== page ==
The Best Safety Tips For Running Or Hiking Alone

If you’ve read enough of my articles, then you know how much I love running. I’ll admit, I’m a little obsessed. To me, there’s nothing more magical, more peaceful than that quiet flow state of letting your legs take you wherever they want, however long they fancy. Your body settles into its natural, rhythmic pace; you’re overcome with a warm and fuzzy euphoric feeling; and you somehow feel like you could run forever, with nothing in your way.

At least, that was the case a year ago, when we were at the peak of the pandemic and there were few cars on the road. For a time, the open pavement became a pedestrian’s paradise, free of the shrieking traffic and endless cloud of fumes. But now, the world is returning to the workplace, and our newfound playground is again a dangerous place. Where we used to let our mind wander to find our running zen, we must now stay alert as long as we’re out there, or risk a tragic accident.

Frenzied drivers aren’t the only obstacle we face when we brave the great outdoors. If you’re like me, you crave a connection to nature in a meditative way, so you cherish your time alone when you go for a walk or run. But for women, running (or walking) solo comes with its own set of safety concerns. According to a survey by Runner’s World, 43 percent of women have been harassed, 30 percent have been followed, and 18 percent have been propositioned while on a run. 

Here’s how these women said they reduced their running risks: 26 percent ran with a phone, 33 percent told someone where they were going and when they would be back, 14 percent limited their runs to daylight hours, and 31 percent changed their running routes. And for 15 percent of women, the safety risks were enough that they simply stopped going out alone.

Stepping into nature is supposed to be a sanctuary, not a stressful activity in which we fear for our safety. But the truth is, while we can fall into our zone and calm our thoughts, we also have to stay on our guard. Like dolphins in the ocean that sleep with one eye open, we must remain cognizant of danger, even as we’re finding our flow.

Such is life’s great paradox: the world can be both beautiful and scary. From avoiding traffic accidents to protecting yourself from predators, here’s how to stay safe and still enjoy your solo walk or run!

Wear Reflective Gear

Your neon vest may not feel the most fashionable, but it’s a must to be visible to oncoming traffic. For best results, wear reflective gear and lights on all sides of your body (360-degree coverage) so that drivers can see you from every direction. Since the human eye is drawn to motion, it’s especially important to light up your legs and ankles with reflective pieces. Stripes of colors that contrast with the background will increase your visibility, and so will wearing blinking lights.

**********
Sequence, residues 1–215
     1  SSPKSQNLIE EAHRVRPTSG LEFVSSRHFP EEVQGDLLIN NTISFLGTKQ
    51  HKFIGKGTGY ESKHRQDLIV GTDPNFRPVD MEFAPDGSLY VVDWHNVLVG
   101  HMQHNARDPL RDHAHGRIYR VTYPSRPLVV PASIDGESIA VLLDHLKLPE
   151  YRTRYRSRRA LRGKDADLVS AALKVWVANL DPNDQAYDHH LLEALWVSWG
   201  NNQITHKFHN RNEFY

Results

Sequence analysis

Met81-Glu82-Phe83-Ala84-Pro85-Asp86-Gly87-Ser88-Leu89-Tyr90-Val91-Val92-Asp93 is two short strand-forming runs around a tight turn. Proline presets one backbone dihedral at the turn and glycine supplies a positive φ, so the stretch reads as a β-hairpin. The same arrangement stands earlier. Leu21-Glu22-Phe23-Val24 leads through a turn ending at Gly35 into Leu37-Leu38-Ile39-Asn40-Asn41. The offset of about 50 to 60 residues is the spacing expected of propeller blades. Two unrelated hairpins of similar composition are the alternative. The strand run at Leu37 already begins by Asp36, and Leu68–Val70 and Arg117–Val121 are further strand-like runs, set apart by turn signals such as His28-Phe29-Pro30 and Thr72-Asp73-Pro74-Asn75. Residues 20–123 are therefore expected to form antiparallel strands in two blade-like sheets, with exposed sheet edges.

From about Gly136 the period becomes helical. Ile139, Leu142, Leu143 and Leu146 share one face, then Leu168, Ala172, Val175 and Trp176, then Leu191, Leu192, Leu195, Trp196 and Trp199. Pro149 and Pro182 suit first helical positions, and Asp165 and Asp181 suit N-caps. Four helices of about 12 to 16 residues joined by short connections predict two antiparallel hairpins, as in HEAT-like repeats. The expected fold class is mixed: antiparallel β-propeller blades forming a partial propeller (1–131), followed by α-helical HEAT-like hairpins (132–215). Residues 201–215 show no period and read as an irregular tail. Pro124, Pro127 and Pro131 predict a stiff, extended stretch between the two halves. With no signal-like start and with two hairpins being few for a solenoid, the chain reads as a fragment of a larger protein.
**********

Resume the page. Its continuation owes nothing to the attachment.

Use A Headlamp

Just as you want to be visible to others, you want your surroundings to be visible to you. Even if you’re traversing well-lit areas, chances are you’ll come across dark patches that are more difficult to see. Don’t rely on your iPhone’s fleeting flashlight – invest in a quality headlamp (or chestlamp) with bright lumens and a long battery life.

Avoid Earbuds

Sure, music can enhance the experience of a relaxing run  – but if your headphones cancel noise and cut you off from your environment, then you’re not fully aware of your surroundings. That doesn’t mean you have to ditch the headphones completely but, instead of using AirPods, opt for bone conduction headphones that still give you the ability to hear what’s going on around you.

Carry Safety Tools

While you shouldn’t constantly fear an attack on the run – whether from an animal or human predator — you should still be prepared to protect yourself from a dangerous situation. Depending on your route (for example, if in a more deserted area), you may want to bring safety items like pepper spray, safety whistles, alarms, or even tasers (where legal). Of course, make sure you fully understand how to use these products before you wield them during a threat.

Share Your Location

You don’t always want your partner to infringe on your precious “me” time, but at least tell a loved one where you’re going and for how long. Even better, wear a fitness watch and enable its safety and tracking features; that way, you can share your live location and send an alert to your emergency contacts if you’re in trouble.

Mind Your Route

If you can, study your route ahead of time to decrease your chances of getting lost. This becomes especially important if you’re venturing out on the trails, where your phone or tracker may have a weak GPS signal. On roads, make sure to avoid busy traffic areas and streets without a sidewalk or shoulder – and always run or walk facing traffic (so you can see oncoming cars). Finally, change up your route regularly so that it’s harder for strangers to follow you. You can download a variety of apps on your phone to help you with route mapping!

Bring Your Pup

You may not want to share your sacred hike with another human – but why not explore the trails with your husky? Bringing your dog can prevent potential predators from approaching you, and she can also help you sense your surroundings. Plus, it’s a time to bond with your fur-friend and find your zen together. There’s plenty of reflective gear for your golden, too!


What are your tips and tricks for running and hiking alone? Share in the comments below!

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